Advertising and marketing behemoth Publicis Groupe has delivered some bad news for its Australian operations in the company’s financial results for the first half of 2018.
Publicis’ Asia-Pacific business division saw its net revenue decline 15.2 per cent to $669.8 million in the six months to 30 June 2018, and its organic growth drop 3.3 per cent.
The company said these negative results were “largely attributable” to Australia’s revenue dropping 10.8 per cent due to its loss of the Qantas call centre contract.
The APAC region is the third largest revenue-raiser for Publicis, behind the US and Europe. However, it was the worst performing region by a country mile.
Overall, Publicis’ net revenue fell 8.2 per cent in the first half of 2018 to $6.8 billion, with organic growth down 0.4 per cent.
Commenting on the results, Publicis chairman and CEO Arthur Sadoun (pictured above) said the company experienced a slowdown in the second quarter of 2018 mostly due to two conjunctural challenges.
One was the “tougher basis of comparison and uncertainty relating to GDPR implementation impacting our net revenue in Europe, but also to one specific operational bump with our volatile health sales representatives business in the US,” he said.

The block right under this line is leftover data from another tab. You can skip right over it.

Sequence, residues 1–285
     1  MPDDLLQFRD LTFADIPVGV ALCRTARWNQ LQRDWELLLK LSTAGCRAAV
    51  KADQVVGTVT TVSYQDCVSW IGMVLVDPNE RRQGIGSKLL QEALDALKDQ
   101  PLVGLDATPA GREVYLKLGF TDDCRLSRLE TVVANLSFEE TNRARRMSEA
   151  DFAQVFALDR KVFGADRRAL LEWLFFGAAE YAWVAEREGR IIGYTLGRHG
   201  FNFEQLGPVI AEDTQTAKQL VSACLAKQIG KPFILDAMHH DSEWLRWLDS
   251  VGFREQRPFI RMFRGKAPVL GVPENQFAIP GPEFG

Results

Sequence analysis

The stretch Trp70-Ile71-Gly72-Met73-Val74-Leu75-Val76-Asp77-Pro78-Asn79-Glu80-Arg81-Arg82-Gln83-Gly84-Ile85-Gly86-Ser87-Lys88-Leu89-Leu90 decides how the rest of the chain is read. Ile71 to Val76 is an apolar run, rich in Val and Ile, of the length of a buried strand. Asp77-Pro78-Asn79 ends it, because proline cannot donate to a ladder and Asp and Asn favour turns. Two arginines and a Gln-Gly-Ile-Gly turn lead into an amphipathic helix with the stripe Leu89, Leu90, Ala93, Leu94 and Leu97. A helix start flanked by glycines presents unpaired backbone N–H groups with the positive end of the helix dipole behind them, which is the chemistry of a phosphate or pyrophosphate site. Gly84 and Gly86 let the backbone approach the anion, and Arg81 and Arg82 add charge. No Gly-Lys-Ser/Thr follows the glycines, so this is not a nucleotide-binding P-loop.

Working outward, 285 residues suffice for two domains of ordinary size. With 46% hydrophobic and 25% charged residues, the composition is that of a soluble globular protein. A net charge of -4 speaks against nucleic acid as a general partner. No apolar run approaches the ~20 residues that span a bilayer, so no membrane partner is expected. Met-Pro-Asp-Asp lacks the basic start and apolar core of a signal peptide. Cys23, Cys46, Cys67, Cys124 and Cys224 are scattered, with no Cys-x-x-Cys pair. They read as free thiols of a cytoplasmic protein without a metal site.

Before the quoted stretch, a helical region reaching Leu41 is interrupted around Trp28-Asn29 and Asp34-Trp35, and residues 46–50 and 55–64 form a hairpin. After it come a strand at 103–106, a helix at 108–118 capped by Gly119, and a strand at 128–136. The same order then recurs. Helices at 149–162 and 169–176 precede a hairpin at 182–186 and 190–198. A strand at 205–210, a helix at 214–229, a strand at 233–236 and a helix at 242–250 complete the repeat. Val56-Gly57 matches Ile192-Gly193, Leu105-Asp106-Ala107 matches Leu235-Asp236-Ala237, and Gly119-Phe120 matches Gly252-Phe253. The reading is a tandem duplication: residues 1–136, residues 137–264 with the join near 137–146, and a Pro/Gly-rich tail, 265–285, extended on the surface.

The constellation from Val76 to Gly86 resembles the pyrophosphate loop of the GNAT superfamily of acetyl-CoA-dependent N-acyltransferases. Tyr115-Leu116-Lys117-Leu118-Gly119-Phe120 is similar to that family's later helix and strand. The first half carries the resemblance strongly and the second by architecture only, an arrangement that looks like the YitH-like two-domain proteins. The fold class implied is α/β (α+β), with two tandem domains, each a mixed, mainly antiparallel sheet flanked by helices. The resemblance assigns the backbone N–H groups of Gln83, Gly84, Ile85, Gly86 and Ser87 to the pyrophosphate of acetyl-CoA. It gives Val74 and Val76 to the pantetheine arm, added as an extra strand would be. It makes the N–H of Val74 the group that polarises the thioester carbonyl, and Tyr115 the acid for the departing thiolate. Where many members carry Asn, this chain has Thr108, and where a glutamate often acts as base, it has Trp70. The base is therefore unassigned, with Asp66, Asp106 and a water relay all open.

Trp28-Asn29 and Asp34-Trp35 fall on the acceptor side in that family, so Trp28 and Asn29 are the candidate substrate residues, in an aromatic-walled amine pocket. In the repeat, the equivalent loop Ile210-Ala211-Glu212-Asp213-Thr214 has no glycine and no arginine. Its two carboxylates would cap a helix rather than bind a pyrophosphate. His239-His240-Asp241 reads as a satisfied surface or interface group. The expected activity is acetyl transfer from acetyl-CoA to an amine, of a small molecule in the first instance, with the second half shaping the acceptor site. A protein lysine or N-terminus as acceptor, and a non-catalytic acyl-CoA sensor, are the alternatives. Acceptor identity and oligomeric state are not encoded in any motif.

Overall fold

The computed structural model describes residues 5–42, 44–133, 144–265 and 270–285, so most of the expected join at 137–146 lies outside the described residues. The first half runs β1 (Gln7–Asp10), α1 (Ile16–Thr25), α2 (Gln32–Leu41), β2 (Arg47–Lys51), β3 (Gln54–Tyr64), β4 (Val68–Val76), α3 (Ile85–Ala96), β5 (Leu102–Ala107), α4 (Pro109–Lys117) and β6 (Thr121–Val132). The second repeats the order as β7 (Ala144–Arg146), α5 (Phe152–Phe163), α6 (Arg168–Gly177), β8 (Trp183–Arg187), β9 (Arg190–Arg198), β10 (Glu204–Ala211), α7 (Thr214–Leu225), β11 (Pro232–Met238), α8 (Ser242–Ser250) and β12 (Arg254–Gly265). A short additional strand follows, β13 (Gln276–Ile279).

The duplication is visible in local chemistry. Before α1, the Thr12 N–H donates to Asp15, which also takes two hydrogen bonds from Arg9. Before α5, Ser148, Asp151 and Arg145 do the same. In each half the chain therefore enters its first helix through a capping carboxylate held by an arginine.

“This bump represents the biggest share of our negative growth, as the overall impact of our Publicis Health business was around 30 million euro.”
However, Sadoun said Publicis’ overall first-half results, combined with its new business wins gives the company confidence that it can deliver its full-year objective of improving growth and margin compared to 2017.
“I reiterate, if necessary, that our market has been facing major challenges and transformation has become a necessity for all,” he said.
“Initiatives we launched very early and acquisitions we made are bearing fruits: we are able to overcome unavoidable budget cuts and changes in marketing plans thanks to our assets and our organisation that position us in the most competitive way possible.
“No doubt, during H1, we have set the foundations to deliver our full-year objectives and, even more importantly, our three-year transformation plan. It will not be an easy journey as we must transform ourselves while facing some strong market headwinds.
“There could be some unexpected bumps in the road like the one we just experienced in the health sector.